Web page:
The interview for this week features Ryan Insley, the co-host of Penn State Deliberates. Ryan is a senior Schreyer Scholar and Paterno Fellow studying English, Political Science, and Philosophy. His main areas of interest include rhetoric, civil rights, and philosophy of religion. The following text is an abbreviated and edited transcript of a 30-minute interview.
How would you define democratic deliberation?
I would define democratic deliberation as an organized conversation between community members to discuss issues of shared significance. Let’s break that definition down. By “organized” I mean that there is some formal structure to it, that there is an agreed-upon way of having that conversation. Maybe there is a moderator or some thesis or topic surrounding the conversation. By “community” I mean any group of people who have an interest in, or are directly affected by, the issue being deliberated. By “significance” I mean that there is a purpose, a meaning, a concern, a desired outcome, or a sense of value associated with the conversation. A deliberation on any issue that can be resolved, or at least be discussed, should produce something helpful or help overcome something that’s damaging, in my opinion.
Do you think that deliberation is intrinsically positive?
No, it’s not intrinsically positive, there will always be failed deliberative projects. If by “positive” we’re referring to some useful outcome, or a path to a useful outcome, or some gained understanding, then that will depend on the attitudes and participants of the deliberative group. If the attitude is manipulative or hostile, it will fail. It will not be positive. If the participants are plagued by conflictual cultural or political backgrounds, it is more likely (though certainly not guaranteed) that the experience will be negative. The positivity depends on the presence or absence of these kinds of factors.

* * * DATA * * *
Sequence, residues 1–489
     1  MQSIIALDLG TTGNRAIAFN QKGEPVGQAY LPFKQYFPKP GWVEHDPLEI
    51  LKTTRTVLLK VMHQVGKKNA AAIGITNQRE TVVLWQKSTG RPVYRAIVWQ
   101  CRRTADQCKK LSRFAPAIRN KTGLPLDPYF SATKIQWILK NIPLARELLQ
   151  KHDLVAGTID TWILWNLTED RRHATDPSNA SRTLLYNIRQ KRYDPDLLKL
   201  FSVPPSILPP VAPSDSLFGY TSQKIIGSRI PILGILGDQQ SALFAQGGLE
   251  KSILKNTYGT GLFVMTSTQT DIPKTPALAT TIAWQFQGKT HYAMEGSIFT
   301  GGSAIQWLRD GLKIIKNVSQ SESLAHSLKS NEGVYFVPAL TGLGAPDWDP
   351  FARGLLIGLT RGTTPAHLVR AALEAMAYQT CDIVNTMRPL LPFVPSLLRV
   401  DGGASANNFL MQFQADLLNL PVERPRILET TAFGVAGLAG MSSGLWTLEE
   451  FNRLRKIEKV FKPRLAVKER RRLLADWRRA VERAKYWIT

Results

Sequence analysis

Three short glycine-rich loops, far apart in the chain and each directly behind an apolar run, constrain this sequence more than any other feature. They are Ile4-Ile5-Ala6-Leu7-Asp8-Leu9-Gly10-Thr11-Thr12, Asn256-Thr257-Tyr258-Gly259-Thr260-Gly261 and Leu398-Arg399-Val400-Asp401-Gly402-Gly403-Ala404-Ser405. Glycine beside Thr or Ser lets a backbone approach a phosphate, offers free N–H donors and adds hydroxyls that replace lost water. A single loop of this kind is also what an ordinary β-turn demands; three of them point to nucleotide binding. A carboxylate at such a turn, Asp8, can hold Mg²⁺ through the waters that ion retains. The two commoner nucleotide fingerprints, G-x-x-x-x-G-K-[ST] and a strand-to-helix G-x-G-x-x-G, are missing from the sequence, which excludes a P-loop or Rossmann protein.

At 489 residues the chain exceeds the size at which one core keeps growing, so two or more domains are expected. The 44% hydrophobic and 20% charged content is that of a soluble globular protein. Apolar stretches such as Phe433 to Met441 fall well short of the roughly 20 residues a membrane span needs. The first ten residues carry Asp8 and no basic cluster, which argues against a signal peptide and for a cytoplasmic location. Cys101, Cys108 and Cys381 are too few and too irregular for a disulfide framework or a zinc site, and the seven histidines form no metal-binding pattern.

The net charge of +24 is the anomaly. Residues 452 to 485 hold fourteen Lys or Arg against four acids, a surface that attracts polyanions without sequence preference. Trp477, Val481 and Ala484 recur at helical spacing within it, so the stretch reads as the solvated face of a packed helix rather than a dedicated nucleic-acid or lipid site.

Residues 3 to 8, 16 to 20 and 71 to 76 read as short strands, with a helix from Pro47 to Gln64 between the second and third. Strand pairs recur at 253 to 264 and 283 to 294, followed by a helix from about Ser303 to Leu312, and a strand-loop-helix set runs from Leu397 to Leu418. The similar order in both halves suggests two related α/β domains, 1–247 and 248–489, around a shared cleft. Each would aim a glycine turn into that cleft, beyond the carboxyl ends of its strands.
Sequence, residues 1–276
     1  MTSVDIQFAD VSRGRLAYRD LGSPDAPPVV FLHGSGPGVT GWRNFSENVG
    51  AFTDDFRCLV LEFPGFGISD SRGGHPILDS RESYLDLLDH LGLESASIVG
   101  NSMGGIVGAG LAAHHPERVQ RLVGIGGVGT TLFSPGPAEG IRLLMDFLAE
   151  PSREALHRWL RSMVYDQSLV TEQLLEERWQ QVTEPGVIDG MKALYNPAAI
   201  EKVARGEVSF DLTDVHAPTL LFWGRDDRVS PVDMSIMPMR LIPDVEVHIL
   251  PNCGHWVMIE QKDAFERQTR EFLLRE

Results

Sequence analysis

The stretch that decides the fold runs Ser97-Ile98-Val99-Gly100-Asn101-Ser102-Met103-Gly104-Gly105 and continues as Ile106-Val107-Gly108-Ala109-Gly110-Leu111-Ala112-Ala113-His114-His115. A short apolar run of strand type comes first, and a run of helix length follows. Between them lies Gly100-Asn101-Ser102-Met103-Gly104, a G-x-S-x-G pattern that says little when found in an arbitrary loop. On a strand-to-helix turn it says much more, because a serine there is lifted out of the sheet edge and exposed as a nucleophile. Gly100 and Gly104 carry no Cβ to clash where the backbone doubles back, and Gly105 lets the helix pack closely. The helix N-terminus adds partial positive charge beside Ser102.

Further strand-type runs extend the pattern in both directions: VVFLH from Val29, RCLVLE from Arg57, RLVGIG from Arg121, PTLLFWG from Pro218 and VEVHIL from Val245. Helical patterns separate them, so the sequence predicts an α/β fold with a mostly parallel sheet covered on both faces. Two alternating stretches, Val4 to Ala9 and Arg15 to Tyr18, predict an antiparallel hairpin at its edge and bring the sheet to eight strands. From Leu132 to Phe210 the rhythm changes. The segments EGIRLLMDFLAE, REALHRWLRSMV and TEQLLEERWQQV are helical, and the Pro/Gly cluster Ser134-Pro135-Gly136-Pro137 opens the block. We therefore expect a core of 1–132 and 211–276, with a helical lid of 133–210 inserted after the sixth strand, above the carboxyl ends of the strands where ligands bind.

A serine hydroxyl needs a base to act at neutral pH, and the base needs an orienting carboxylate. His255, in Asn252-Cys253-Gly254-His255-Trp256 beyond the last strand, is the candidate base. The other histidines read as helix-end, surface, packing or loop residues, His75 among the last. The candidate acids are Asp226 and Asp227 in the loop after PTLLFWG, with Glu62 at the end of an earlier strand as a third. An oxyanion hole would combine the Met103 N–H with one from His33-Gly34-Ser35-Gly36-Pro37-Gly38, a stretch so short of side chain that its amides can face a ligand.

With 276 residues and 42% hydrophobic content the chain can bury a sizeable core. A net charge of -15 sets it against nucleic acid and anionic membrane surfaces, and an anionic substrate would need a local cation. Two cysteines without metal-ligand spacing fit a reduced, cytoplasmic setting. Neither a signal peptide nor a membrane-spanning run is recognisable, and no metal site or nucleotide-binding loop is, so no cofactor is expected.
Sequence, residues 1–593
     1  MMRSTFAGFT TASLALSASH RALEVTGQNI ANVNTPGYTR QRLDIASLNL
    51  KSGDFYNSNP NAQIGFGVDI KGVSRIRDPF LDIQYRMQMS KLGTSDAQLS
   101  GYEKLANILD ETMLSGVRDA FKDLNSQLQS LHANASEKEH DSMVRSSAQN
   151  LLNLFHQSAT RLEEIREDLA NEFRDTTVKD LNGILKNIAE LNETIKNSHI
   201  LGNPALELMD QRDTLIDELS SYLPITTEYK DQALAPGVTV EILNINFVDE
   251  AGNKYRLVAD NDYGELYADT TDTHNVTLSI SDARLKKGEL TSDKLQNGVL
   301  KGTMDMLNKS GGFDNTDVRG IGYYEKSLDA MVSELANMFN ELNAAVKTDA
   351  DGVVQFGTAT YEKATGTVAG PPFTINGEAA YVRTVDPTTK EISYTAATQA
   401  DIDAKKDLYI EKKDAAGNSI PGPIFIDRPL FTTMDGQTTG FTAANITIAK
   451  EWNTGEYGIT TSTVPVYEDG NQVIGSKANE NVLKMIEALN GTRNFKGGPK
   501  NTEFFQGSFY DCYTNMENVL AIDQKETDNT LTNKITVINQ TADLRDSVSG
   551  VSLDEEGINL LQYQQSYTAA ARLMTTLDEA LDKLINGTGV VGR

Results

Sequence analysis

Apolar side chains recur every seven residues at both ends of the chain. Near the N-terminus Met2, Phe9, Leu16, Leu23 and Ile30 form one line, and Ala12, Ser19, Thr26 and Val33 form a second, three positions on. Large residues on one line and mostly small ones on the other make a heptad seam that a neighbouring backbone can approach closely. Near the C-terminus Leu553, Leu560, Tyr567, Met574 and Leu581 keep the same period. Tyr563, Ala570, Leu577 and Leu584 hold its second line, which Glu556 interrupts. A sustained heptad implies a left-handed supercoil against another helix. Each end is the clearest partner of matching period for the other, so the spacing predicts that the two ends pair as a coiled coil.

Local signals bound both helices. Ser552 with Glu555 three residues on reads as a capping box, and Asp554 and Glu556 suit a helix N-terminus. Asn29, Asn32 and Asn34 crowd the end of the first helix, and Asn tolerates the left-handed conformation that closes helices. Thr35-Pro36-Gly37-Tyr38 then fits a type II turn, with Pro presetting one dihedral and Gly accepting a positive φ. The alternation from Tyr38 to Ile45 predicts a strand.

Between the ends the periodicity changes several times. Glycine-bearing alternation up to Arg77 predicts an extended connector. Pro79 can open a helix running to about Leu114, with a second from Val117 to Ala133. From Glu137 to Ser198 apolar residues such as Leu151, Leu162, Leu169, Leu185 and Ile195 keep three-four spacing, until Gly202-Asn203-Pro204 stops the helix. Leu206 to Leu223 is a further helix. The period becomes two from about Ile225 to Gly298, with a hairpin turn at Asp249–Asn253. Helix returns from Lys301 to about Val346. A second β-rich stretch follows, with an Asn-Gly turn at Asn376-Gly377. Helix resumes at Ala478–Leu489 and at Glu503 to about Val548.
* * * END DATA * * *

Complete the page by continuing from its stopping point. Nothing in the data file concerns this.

Given that you’ve interviewed numerous leaders and activists on campus, what is your sense of deliberation on Penn State’s campus?
Let’s start with what they have in common. Looking at those interviews, the core commonality is that every person has a similar sense of deliberation. Everyone’s definition of deliberation is fairly comparable. Their main differences in opinion lie in their sense of how useful or effective deliberation is as a practice. What’s notable here is that people’s identity groups, whether political, religious, or personal, affect their sense of deliberation. They tend to think in terms of how deliberation benefits or harms their tribe. This is an important note because I don’t think we typically prepare for a deliberation by considering that the way in which our fellow participants are approaching deliberation and acting within it are influenced by their identity and tribal attachments. We should not enter a deliberation presuming we all feel and think the same way about the deliberative process.
How do you participate in deliberation on campus?
A lot of the student organizations I am a part of involve themselves with deliberation in some way. The Liberal Arts Undergraduate Council, for example, involves deliberation, naturally, based around Liberal Arts. How can we fight for the relevancy of the Liberal Arts in the job market? How does Liberal Arts help people better understand politics? There was a deliberation we held during a general meeting about branch campuses possibly allowing their students to open-carry firearms. Another time we talked on the smoking ban on campus. I’m also a part of a group called Philosophy in Conversation, where we deliberate on issues involving social justice, political ideologies, metaphysics, ethics, anything under the umbrella of philosophy. So deliberative conversations have really been a weekly practice for me as an undergraduate.
What is the state of deliberation the national scale?